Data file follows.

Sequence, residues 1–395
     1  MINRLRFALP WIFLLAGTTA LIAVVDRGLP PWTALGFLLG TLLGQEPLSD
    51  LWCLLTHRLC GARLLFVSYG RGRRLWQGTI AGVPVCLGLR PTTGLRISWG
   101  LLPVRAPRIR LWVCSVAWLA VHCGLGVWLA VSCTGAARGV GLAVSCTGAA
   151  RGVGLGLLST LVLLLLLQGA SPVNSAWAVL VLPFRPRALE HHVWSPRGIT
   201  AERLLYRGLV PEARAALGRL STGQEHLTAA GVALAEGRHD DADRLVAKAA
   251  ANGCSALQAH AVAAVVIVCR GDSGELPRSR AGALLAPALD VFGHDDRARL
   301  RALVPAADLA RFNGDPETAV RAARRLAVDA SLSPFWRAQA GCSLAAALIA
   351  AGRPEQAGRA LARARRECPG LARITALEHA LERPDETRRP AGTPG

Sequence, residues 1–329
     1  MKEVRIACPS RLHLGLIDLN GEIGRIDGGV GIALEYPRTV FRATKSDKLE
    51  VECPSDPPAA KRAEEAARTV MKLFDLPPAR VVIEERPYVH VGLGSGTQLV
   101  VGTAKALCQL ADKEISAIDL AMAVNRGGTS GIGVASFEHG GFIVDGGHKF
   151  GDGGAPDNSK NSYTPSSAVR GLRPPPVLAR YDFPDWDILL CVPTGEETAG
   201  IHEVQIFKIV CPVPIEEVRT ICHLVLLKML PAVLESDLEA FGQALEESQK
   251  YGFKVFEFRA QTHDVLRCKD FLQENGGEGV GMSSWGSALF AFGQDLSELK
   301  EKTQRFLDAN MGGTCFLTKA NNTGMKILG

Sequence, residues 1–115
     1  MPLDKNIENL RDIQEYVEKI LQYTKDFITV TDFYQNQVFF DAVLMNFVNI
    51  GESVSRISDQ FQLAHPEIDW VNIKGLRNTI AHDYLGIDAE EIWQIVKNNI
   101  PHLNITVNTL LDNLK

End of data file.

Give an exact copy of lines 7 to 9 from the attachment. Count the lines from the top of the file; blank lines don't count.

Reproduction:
   251  ANGCSALQAH AVAAVVIVCR GDSGELPRSR AGALLAPALD VFGHDDRARL
   301  RALVPAADLA RFNGDPETAV RAARRLAVDA SLSPFWRAQA GCSLAAALIA
   351  AGRPEQAGRA LARARRECPG LARITALEHA LERPDETRRP AGTPG